Cheers,
Arturo
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pasoliati
Member

Posts: 27


« Reply #8 on: October 05, 2005, 12:54:54 PM »

I like the revised text myself, although I'm having trouble with the tone to take for the rest of the document.

I'm also beating my head over the very basics of the game.  Right now a conflict roll is Aspect+Tenet, that is to say, "something about who your knight is (like “strong”, “brave”, “short”, “champion jouster”, “king”, or “fool” )" plus "what your knight believes is the right thing to do (like “protect the weak”, “be loyal to my lord”, “help myself before helping others”)".

But I've been thinking that a lot of what defines a knight is his relationship with others (especially his lord if any).  The reason I have amnesic knights is that for better or worse I see the feudal world as a very complex web of alliances and hatreds and I don't want to require my characters to read 100+ pages of family histories and biographies (or the GM to have all that created all by himself or before the first session).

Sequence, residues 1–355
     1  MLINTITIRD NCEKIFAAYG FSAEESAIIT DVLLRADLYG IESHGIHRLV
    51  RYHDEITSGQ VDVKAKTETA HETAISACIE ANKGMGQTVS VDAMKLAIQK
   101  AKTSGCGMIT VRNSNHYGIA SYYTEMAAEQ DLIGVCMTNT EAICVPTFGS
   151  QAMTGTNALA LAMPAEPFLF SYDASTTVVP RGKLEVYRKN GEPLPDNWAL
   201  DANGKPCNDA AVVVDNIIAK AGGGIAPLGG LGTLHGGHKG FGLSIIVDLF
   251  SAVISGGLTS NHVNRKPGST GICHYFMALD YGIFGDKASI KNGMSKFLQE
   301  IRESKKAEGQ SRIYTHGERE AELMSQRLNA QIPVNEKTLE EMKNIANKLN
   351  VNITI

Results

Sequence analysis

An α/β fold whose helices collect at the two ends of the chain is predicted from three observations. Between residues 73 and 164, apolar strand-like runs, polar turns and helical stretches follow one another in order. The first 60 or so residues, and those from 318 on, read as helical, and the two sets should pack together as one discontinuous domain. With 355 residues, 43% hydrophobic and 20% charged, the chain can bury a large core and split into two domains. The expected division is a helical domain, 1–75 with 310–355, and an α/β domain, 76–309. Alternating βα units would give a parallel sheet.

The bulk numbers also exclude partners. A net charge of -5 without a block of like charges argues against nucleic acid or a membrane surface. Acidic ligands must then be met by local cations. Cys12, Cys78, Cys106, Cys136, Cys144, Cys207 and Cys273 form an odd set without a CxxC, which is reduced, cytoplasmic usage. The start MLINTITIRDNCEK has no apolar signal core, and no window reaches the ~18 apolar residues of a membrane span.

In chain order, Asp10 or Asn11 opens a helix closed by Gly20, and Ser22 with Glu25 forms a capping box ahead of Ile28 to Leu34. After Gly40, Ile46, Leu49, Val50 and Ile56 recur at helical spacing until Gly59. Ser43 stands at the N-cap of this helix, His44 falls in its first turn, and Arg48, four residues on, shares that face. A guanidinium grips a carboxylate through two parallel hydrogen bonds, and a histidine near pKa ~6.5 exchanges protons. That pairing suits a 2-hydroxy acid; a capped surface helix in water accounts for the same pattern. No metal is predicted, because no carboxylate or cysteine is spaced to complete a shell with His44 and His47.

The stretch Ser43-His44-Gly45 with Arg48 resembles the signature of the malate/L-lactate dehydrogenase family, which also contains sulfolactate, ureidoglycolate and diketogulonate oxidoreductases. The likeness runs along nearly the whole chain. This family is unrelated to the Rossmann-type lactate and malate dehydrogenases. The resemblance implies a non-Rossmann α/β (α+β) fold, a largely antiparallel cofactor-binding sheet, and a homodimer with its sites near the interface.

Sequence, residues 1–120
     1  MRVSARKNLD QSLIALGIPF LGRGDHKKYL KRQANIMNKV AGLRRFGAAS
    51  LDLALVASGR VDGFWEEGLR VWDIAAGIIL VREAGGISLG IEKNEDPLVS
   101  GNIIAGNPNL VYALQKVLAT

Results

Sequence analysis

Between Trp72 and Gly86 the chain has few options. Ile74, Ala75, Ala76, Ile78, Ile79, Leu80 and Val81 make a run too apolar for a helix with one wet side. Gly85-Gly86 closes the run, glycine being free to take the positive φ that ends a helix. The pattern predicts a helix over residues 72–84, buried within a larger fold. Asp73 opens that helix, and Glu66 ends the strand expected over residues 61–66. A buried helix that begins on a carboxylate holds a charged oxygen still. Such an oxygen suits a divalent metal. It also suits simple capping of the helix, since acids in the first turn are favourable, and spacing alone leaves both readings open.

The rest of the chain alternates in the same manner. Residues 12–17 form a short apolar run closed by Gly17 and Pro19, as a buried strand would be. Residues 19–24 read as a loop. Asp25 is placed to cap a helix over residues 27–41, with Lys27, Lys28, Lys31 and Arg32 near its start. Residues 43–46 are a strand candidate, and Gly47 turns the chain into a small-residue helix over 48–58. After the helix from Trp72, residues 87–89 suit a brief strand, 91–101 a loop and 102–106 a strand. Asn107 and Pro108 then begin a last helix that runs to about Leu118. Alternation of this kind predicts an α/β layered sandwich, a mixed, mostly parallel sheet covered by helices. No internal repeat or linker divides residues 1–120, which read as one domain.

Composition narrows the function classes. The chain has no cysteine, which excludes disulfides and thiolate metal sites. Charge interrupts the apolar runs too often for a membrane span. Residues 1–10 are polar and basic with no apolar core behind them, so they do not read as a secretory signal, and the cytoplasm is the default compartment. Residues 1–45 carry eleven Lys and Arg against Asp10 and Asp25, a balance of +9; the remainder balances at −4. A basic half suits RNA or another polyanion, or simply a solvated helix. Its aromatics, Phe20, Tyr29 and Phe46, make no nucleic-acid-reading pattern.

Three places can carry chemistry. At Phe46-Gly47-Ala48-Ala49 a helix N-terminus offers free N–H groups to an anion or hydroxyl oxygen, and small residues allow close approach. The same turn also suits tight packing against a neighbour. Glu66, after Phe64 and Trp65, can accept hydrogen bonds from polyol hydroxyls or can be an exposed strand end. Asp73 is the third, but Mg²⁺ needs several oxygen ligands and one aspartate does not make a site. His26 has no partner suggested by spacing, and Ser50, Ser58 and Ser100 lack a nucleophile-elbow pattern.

But how do I have the character's relationship have mechanical impact?  Should they be aspects of the character (like "vassal of King X"), tenets (like "be loyal to King X"), a third category, or should I replace aspects or tenets with relationships?
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aaron
Josh Roby
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« Reply #9 on: October 05, 2005, 01:33:32 PM »

It sounds to me, who is not the designer of the game, that that complex web of alliances and hatreds and all that really good stuff... that's a different game.  Your game, thus far defined, "is about honor, a code that you develop or adopt, to live for, to die for, but most of all, the fight for."  What you've got is knights in shining armor, and that's really cool.  They aren't real-world historical knights, which are also cool, but not the focus of your game.  One of the best things you can pick up from the Forge is to pick a target and shoot for it, rather than simply shooting towards a collection of targets and hoping you hit a couple of them at once.